Mohamed Njeim (Rabat)
The book of the famous critic Louis Thyssen, published in its original text entitled “Critical Theory Today”, in its Arabic translation by the Moroccan critic and translator Lahcen Hamama, is one of the most important critical books for every researcher and interested in literary criticism. In the context of the monetary movement witnessed by the Arab world since the second half of the twentieth century, and the accompanying liberation movements, and socio-economic and political transformations, it was necessary to open up to contemporary monetary theories. This openness that sought to approach literary texts according to a sober critical conception to enable the researcher and critic to possess a theoretical awareness that finds its source in the humanities, from linguistics, sociology, anthropology, and psychology. This is because creativity is not only an expansion of the language or creativity in it, but it is also intrinsically linked to the culture that produced it, as seen by many of the theories included in this book.
And since the literary text is like that, it was necessary to look at it according to a systematic conception based on a clear vision that guides the researcher and critic during their reading without falling into an impressionistic reading that may bear the unbearable creative text. The creator does not come from a free vision, but is the conscience of his time and society, with all its contradictions and conflicts. Thus, the literary text mimics its reality, and may not reflect it directly, and does not exist in isolation from the societal changes that created it.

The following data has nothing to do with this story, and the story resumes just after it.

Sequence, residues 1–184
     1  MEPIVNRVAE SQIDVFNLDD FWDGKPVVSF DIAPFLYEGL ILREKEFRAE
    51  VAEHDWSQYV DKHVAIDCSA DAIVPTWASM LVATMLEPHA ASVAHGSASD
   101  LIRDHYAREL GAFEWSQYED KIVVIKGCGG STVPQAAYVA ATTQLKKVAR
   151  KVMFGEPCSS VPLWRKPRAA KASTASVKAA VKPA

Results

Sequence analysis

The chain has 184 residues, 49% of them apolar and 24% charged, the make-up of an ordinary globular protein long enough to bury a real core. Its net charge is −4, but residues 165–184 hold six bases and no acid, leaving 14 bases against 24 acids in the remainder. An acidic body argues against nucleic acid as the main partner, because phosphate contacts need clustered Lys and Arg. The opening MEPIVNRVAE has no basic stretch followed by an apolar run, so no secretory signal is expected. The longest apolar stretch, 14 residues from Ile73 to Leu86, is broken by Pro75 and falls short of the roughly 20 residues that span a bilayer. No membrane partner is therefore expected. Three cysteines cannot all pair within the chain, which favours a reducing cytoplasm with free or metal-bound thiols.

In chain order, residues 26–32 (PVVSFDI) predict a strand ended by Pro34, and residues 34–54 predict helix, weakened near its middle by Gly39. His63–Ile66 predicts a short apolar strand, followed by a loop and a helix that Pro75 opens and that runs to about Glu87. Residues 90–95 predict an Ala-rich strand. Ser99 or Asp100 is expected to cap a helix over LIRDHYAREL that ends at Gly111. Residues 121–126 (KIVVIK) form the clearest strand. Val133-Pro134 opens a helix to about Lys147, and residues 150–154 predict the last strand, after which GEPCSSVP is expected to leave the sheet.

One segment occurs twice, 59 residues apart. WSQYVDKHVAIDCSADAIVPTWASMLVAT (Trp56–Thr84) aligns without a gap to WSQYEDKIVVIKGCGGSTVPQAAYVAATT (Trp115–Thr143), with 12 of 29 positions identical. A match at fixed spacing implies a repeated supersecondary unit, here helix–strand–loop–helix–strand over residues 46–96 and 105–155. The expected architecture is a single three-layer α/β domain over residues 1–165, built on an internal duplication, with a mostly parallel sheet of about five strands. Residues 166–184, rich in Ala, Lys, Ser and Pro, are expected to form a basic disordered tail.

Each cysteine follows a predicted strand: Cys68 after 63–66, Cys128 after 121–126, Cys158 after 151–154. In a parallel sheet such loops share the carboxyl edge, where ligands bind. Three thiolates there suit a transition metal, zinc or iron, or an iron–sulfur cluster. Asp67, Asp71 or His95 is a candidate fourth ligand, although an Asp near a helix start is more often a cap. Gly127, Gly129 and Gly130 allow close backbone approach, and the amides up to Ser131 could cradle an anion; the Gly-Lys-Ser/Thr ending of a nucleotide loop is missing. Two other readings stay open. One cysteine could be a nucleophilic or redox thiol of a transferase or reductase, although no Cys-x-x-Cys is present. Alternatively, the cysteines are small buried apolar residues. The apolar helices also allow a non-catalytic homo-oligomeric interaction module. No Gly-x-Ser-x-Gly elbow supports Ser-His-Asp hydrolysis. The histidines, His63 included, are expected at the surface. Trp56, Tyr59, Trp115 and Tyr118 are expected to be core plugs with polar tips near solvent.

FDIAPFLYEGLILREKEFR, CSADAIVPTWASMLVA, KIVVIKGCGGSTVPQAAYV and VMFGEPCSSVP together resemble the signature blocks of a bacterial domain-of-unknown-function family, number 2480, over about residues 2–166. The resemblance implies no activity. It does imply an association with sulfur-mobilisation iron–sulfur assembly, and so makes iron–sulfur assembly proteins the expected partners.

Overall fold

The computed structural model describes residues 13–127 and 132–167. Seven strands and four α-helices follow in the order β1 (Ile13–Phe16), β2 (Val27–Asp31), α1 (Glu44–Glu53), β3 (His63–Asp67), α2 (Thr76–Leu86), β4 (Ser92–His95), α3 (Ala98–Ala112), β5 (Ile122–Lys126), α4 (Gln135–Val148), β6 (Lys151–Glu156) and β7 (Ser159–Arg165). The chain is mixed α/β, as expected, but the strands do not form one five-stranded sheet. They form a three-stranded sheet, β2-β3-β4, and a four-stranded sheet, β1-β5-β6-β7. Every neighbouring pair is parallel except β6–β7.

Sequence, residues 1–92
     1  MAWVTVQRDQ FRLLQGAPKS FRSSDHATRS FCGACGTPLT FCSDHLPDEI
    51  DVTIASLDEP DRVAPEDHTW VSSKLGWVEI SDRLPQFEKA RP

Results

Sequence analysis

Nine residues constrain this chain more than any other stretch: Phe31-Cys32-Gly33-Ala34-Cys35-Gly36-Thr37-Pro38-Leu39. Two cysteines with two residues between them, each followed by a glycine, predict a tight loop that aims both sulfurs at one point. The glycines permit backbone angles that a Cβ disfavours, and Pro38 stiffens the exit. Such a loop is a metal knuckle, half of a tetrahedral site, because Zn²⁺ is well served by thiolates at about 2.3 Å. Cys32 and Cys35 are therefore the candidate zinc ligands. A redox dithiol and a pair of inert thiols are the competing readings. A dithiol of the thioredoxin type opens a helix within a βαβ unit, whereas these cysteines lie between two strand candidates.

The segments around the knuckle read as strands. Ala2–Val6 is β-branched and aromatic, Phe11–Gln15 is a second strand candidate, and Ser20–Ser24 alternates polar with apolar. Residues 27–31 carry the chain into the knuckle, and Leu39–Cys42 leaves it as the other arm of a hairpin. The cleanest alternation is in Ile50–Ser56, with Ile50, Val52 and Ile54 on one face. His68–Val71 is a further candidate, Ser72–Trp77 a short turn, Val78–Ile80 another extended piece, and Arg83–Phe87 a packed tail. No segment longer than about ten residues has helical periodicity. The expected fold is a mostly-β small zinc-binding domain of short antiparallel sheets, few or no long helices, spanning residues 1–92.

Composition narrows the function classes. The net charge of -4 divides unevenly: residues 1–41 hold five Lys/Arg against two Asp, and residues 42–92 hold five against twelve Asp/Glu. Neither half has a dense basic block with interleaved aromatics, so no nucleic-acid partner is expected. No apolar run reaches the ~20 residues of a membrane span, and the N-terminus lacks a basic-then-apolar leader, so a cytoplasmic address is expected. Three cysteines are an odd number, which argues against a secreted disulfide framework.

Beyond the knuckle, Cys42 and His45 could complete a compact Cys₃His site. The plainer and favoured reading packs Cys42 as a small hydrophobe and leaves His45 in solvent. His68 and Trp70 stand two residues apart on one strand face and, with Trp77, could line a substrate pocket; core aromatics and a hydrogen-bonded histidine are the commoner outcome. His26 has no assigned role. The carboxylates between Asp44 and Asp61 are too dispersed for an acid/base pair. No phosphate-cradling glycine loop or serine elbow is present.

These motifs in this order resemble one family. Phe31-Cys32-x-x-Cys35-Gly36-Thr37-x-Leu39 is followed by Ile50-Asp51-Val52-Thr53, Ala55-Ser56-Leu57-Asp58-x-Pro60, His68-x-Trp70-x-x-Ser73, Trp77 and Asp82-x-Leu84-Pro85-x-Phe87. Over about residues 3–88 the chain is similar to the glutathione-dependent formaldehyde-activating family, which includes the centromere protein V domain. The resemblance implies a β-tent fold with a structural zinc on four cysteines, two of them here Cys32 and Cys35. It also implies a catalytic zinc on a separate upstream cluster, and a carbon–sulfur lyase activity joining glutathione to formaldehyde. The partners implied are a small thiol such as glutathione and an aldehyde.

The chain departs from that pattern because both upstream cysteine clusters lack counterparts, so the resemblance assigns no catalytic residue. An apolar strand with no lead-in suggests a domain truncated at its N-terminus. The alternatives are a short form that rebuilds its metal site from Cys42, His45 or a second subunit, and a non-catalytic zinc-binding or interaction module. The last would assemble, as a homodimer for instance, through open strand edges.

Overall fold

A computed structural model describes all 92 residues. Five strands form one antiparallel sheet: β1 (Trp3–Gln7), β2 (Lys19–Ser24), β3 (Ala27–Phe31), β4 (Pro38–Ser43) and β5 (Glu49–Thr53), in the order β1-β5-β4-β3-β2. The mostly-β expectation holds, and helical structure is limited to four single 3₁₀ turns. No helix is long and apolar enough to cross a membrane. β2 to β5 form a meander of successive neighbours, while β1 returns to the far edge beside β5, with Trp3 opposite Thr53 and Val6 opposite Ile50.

This book, according to its translator, seeks to help the reader change his perspective in questioning the literary text, and to provide him with important entrances for a productive, thorough reading that does not confine the text to a single critical theory, as Thyssen insists at the end of the book, but rather the reader can approach it from multiple angles according to Concepts shared by two or more critical theories.
And Louis Thyssen, says the translator, seeks to try to cover most of the literary criticism theories to enable readers to have a comprehensive familiarity with them, and to try to apply them to literary texts of all kinds. Perhaps the distinguishing feature of this book is that it appends each theory with a set of questions that the reader must ask and apply to the literary text in order to come up with a reading that responds to the requirements of each theory and its conceptual apparatus. However, some of these critical theories are not only of a purely literary nature pertaining to the literary text, but some of them arose in a soil rife with political conflicts such as feminist criticism, African American criticism, and postcolonial criticism, as the critic points out. Therefore, it overlaps in these theories literary, political / ideological, philosophical. This means that overlap has become a feature of most literary criticism theories, with the fact that the gap between knowledge has been bridged. Perhaps this is the spirit of our times.